This week I decided to overcome my fear of zips...they are something I find frustratingly difficult and when I do manage to get one in to place neatly it seems as though it has come about from luck rather than judgement. Perhaps I haven't made things any easier for myself by wishing to install them mainly on curved edges...but there is something that I love about a curved-top slouchy cosmetic bag. I have lost count of the number of times I have put in and then taken out the same zip this week, doing a good approximation of Eeyore with his jar and balloon, but was working on the belief that if each time I did it I looked at what I could do better next time and then remedied it immediately (rather than on my next attempt three months later) then it would result in zip installation wonderfulness. I'm not sure that is exactly what has happened, but I do feel a lot less fearful of them now.

And lastly here is a note that Zebra-girl handed to me before bed this sweet it made my stomach do somersaults.

Time has been running away with me - I hadn't realised how much I managed to squeeze into the three mornings that Dinosaur-boy was at nursery, but with the children at home my days are mostly computer-free. I'm so sorry for what a poor blogging companion I have been lately - as ever so many unanswered (but greatly appreciated!) comments and emails and so many posts unread on my favourite blogs. Thank you to: Molly Cupcakes, Sew Christine, Cake Makes the World a Better Place, Trixie's Trinkets, Jenny Flower, Creative Nachos and Lulu Carter for tagging me for memes or passing on lovely awards.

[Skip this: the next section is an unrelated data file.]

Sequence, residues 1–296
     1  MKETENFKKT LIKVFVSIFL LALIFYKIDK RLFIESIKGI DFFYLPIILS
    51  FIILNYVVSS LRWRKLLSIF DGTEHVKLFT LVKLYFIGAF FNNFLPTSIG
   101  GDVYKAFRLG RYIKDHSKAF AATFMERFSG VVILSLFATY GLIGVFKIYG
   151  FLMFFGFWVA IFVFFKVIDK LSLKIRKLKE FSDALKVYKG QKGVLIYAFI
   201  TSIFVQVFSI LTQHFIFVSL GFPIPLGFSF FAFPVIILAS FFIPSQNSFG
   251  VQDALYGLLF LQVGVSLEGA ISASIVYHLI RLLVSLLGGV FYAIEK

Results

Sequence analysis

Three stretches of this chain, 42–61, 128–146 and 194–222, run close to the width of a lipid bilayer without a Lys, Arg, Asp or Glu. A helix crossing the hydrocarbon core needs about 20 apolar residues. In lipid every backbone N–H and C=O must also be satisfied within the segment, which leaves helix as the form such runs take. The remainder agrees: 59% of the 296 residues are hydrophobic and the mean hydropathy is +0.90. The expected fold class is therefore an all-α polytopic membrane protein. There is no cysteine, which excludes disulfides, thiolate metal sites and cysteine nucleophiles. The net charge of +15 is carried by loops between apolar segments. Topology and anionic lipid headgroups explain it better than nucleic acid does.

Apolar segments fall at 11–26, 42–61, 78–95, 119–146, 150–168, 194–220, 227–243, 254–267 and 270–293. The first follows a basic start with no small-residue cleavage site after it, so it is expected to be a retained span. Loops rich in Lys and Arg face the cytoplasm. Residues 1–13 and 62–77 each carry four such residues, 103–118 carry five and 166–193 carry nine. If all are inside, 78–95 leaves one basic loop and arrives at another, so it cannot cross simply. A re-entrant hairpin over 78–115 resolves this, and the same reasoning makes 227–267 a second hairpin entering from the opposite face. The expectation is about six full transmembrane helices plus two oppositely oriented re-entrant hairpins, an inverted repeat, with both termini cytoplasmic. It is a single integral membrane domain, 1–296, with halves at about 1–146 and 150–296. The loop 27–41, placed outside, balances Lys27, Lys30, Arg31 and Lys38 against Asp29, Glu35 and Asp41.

And I have been meaning to say, ever since I first clicked onto her lovely site, if you haven't already, do go and visit Clare's lovely blog, Lulu Carter. Scroll down and you will see image after image of loveliness. I always find that she writes about things that interest me, or that leave me thinking: oh! me too! And (this should have been mentioned first, no?) she sews lovely, lovely things! Enjoy. x

Tuesday, 5 August 2008